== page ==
THE DISTINCTIVE ZEBRA

There is no doubt that zebra are photogenic – I have a great number of photographs of them – for they are strikingly beautiful animals. I am particularly fascinated by the patterns on their faces as one can tell from these that, even though they might ‘all look the same’, there are indeed unique features about them. Zebra are often described as having patterns similar to our fingerprints; that no two zebra are exactly alike. I commented on a blog the other day that apparently the stripes on either side of a zebra are different. This is an observation I have read about but, as we usually only see one side of a zebra at a time, it is difficult to verify. Hunting through my collection, I came across a photograph of this zebra drinking at the Domkrag waterhole in the Addo Elephant National Park – an opportunity to see one from above.

The more I look at these two photographs, the more I appreciate how similar the stripe pattern is on both sides – until you actually follow the pattern closely. We seldom get the opportunity to do just that when we see zebra in the wild.

Zebras are distinctive. Their stripe patterns are an indication of just how distinctive they are – each one slightly different from the other.

PATTERNS IN THE VELD

Two patterns that never fail to please:

I never tire of seeing zebras. The stripey pattern of each zebra is unique. The other pattern that superficially looks the same as every other, unless you look carefully, is that of giraffes. The bonus on this one is a Red-billed Oxpecker.

A PARTICULAR ZEBRA

We know by now that no two zebras are the same. This makes it particularly interesting to observe individuals in a herd and I often wonder if I would recognise any from photographs I have taken. This particular zebra stands out from the crowd as it were:

Look at the notches on its ears and the pattern on its back, where the striped pattern meets:

While several animals have notches on their ears – I imagine resulting from having been torn by thorn trees or other spiky bushes when the animals were young – I am intrigued by the hole in this one’s other ear:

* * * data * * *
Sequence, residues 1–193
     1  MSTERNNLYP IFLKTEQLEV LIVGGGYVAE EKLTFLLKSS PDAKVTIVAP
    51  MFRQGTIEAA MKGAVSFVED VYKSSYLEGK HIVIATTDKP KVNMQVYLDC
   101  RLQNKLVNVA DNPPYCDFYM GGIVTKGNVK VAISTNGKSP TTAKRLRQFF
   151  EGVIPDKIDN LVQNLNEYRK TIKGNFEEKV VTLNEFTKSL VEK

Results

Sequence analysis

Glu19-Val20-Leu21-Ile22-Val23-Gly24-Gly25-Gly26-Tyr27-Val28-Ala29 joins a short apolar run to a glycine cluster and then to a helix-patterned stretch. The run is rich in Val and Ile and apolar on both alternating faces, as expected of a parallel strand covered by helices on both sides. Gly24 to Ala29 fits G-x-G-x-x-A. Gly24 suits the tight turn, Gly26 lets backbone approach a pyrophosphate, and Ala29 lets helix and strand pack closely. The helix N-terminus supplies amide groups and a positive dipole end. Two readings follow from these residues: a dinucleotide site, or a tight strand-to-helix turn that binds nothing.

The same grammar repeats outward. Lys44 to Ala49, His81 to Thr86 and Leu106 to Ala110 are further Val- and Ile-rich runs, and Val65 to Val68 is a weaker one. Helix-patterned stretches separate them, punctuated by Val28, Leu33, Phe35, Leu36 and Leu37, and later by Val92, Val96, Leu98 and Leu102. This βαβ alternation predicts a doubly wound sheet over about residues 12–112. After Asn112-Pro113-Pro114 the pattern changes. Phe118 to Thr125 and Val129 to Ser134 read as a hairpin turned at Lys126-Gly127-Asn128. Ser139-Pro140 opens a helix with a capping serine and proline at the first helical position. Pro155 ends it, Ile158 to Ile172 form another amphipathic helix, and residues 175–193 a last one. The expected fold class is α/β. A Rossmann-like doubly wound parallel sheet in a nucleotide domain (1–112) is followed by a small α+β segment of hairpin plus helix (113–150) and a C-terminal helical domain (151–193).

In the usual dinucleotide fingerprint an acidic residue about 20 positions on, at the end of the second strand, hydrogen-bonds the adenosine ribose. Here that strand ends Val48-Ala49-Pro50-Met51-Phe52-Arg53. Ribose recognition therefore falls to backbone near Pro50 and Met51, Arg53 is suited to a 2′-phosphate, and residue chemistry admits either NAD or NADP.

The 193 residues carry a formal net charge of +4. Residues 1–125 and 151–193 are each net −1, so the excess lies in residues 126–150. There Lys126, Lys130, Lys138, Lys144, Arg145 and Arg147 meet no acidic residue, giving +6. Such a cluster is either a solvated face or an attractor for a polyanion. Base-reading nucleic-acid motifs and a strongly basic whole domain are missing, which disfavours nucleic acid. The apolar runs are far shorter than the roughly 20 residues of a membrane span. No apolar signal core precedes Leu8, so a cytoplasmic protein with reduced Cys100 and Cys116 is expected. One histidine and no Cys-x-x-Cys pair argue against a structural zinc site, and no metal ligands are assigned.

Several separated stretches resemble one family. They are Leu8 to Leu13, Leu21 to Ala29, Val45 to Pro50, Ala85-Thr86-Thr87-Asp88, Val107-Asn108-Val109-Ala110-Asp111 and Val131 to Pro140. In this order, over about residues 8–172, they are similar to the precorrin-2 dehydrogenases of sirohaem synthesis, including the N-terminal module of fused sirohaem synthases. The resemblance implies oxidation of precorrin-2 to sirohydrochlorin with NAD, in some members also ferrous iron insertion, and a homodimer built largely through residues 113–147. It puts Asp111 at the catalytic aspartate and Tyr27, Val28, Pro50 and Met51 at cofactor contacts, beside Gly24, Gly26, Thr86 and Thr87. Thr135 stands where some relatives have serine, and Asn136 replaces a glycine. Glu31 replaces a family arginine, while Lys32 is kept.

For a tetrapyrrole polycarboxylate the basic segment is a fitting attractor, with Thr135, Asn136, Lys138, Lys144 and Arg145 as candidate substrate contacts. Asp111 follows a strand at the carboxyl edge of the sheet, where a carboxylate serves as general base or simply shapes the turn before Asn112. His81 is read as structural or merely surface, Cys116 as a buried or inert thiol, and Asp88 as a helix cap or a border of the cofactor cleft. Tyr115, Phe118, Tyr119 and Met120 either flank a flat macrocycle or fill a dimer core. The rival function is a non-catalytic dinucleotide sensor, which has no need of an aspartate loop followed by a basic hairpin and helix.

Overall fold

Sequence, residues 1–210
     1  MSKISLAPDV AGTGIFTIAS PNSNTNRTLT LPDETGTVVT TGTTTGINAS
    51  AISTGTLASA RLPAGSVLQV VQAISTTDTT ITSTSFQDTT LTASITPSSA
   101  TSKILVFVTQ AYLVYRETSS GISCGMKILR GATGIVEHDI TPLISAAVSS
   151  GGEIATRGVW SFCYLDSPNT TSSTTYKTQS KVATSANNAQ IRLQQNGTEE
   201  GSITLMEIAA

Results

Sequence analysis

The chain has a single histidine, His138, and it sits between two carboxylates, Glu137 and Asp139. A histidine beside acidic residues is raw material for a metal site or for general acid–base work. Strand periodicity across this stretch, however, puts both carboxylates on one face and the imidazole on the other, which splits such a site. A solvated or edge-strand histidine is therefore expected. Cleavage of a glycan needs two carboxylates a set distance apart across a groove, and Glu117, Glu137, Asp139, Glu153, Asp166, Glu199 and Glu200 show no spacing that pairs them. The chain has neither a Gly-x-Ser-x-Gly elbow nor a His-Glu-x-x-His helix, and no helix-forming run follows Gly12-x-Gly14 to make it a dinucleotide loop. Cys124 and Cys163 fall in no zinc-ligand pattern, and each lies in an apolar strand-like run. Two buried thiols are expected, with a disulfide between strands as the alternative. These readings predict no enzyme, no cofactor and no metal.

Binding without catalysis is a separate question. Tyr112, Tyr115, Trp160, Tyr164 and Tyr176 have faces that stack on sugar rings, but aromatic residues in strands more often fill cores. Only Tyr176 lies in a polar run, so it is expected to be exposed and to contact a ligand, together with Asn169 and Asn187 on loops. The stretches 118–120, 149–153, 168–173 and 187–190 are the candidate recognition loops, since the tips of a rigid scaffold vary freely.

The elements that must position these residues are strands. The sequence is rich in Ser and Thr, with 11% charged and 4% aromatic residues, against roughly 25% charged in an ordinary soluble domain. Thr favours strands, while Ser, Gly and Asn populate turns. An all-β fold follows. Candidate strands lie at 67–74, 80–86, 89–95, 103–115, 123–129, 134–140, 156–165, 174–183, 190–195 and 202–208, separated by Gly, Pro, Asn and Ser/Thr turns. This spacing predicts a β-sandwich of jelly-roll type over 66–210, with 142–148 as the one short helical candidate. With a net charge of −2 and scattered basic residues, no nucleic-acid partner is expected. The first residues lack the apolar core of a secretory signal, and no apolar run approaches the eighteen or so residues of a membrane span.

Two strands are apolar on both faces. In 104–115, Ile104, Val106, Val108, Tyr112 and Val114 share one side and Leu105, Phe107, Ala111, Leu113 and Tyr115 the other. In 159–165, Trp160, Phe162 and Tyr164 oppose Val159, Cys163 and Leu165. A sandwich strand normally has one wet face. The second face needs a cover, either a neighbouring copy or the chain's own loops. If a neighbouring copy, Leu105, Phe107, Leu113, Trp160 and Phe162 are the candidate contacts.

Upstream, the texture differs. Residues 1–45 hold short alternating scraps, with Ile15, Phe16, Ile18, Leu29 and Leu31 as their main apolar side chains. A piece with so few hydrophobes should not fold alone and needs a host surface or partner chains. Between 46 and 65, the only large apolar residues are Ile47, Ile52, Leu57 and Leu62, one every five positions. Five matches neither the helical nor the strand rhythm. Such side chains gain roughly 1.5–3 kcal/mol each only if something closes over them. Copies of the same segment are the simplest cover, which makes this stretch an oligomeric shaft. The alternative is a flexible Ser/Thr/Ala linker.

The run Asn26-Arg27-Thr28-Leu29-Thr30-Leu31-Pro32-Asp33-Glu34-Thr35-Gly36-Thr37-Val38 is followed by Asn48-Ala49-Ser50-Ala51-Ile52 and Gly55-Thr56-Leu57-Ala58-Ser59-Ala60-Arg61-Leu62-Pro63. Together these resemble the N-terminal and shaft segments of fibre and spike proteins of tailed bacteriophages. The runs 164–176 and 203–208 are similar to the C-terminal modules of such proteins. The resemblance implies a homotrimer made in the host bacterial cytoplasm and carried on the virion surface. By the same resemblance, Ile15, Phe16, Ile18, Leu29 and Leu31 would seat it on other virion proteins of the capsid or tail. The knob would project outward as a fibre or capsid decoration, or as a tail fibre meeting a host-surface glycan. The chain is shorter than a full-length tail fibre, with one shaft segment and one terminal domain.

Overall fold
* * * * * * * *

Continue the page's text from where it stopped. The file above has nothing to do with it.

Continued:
I wonder what caused this puncture hole. This is a particular zebra I shall keep an eye out for on my next visit to the Addo Elephant National Park.

A TIME TO DRINK

At this time the summer temperatures can rise to over 40°C, making everyone thirsty. It is no different in the wild, where this threesome of elephants were the forerunners of a larger herd making their way across the dusty veld to drink at Rooidam in the Addo Elephant National Park. The elephant on the right has earlier submerged itself in either this or another waterhole nearby – as the darker ‘tide mark’ on its body shows. The darkened trunks also indicate that all three have already tasted the water at least and the dark ‘socks’ on the left elephant indicates how shallow the water is on the edge.

A warthog is taking advantage of the lull in animal traffic to enjoy a quiet drink of water from the waterhole at Woodlands. The water is so calm that it might even be admiring its reflection in the water while it quenches it thirst. All the waterholes in the Addo Elephant National Park are supplied by boreholes. That might be a covered pump next to the warthog. You can clearly see the concrete base of this waterhole and elephant dung in the background.

Sometimes it is not water one needs, but mother’s milk. Certainly that is what this zebra foal wanted in the middle of the day. Note how fluffy its hair is and the loving gesture of the mother placing her chin on its rump – the closest she can come to what we would call a hug, perhaps.

Birds require sustenance too and this Greater Double-collared Sunbird settled down to a good drink of nectar at Jack’s Picnic Place, quite unperturbed at being photographed in action. It visited each flower in turn before moving on to the next cluster.